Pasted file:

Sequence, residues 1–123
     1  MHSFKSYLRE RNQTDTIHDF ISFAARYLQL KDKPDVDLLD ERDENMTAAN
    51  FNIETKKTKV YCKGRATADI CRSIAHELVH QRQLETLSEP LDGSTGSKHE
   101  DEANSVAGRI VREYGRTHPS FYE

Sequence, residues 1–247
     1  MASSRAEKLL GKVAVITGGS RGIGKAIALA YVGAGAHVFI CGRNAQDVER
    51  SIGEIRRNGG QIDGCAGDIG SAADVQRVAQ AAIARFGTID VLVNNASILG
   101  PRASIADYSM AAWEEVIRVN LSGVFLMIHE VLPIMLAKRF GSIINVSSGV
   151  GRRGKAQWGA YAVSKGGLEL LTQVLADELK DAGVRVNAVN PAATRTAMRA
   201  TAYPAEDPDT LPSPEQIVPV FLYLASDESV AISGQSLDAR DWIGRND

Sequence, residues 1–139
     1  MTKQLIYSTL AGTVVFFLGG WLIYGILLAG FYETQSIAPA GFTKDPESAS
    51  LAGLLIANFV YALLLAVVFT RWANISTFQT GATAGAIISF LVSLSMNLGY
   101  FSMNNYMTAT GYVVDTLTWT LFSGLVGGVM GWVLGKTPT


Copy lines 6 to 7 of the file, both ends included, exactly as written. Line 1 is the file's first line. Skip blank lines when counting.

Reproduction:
     1  MASSRAEKLL GKVAVITGGS RGIGKAIALA YVGAGAHVFI CGRNAQDVER
    51  SIGEIRRNGG QIDGCAGDIG SAADVQRVAQ AAIARFGTID VLVNNASILG